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Jun Kim, Vishal J. Patel, Tarek Y. El Ahmadieh, DaiWai M. Olson, and Dale M. Swift

OBJECTIVE

Ventriculoperitoneal shunts (VPSs) for hydrocephalus in patients with achondroplasia are known to have a higher failure rate than in other hydrocephalus populations. However, the etiology of hydrocephalus in this group is considered “communicating,” and, therefore, potentially not amenable to endoscopic third ventriculostomy (ETV). ETV has, nonetheless, been reported to be successful in a small number of patients with achondroplasia. The authors aimed to investigate the long-term results of ETV in this population.

METHODS

Patients with achondroplasia who had undergone surgical treatment for hydrocephalus (ETV or VPS placement) were identified. In patients who had undergone ETV, medical records and neuroimages were reviewed to determine ventricular volumes and frontal and occipital horn ratios (FOHRs) pre- and postoperatively, as well as the incidence of surgical complications and reoperation. Patients who underwent VPS placement were included for historical comparison, and their medical records were reviewed for basic demographic information as well as the incidence of surgical complications and reoperation.

RESULTS

Of 114 pediatric patients with achondroplasia referred for neurosurgical consultation, 19 (17%) were treated for hydrocephalus; 10 patients underwent ETV only, 7 patients underwent VPS placement only, and 2 patients had a VPS placed followed by ETV. In patients treated with ETV, ventricular volume and FOHRs were normal, if measured at birth, and increased significantly until the time of the ETV. After ETV, all patients demonstrated significant and sustained decreases in ventricular measurements with surveillance up to 15 years. There was a statistically significant difference in rates of repeat CSF surgery between the ETV and VPS cohorts (0/12 vs 7/9, p < 0.001).

CONCLUSIONS

ETV was efficacious, safe, and durable in the treatment of hydrocephalus in patients with achondroplasia. Although many studies have indicated that hydrocephalus in these patients is “communicating,” a subset may develop an “obstructive” component that is progressive and responsive to ETV.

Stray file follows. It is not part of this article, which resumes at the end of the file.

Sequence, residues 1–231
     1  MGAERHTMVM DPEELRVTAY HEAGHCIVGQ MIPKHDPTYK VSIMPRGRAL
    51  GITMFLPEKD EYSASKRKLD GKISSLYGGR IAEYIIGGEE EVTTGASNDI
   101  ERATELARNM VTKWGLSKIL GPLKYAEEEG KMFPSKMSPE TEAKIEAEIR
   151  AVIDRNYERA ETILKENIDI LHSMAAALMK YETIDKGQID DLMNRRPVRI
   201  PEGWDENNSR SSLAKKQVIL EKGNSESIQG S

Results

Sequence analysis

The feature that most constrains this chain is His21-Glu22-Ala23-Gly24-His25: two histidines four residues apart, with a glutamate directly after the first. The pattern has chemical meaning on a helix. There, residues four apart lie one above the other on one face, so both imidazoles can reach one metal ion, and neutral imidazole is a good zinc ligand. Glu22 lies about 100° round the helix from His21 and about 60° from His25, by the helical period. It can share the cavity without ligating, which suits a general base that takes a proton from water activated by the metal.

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DaiWai M. Olson, Meg Zomorodi, Gavin W. Britz, Ali R. Zomorodi, Anthony Amato, and Carmelo Graffagnino

Object

Cerebral artery vasospasm is a major cause of death and disability in patients recovering from subarachnoid hemorrhage (SAH). Although the exact cause of vasospasm is unknown, one body of research suggests that clearing blood products by CSF drainage is associated with a lower frequency and severity of vasospasm. There are multiple approaches to facilitating CSF drainage, but there is inadequate evidence to determine the best practice. The purpose of this study was to explore whether continuous or intermittent CSF drainage was superior for reducing vasospasm.

Methods

The authors performed a randomized clinical trial. Within 72 hours of admission for SAH, patients with an external ventricular drain (EVD) were randomized to undergo continuous CSF drainage with intermittent intracranial pressure (ICP) monitoring (open-EVD group) or continuous ICP monitoring with intermittent CSF drainage (monitor-ICP group).

Results

After 60 patients completed the study, an interim analysis was performed. The complication rate of 52.9% for the open-EVD group was significantly higher than the 23.1% complication rate for the monitor-ICP group (OR 3.75, 95% CI 1.21–11.66, p = 0.022). These results were reported to the Data Safety and Monitoring Board and enrollment was terminated. The odds ratio of vasospasm for the open-EVD versus monitor-ICP group was not significant (OR 0.44, 95% CI 0.13–1.45, p = 0.177).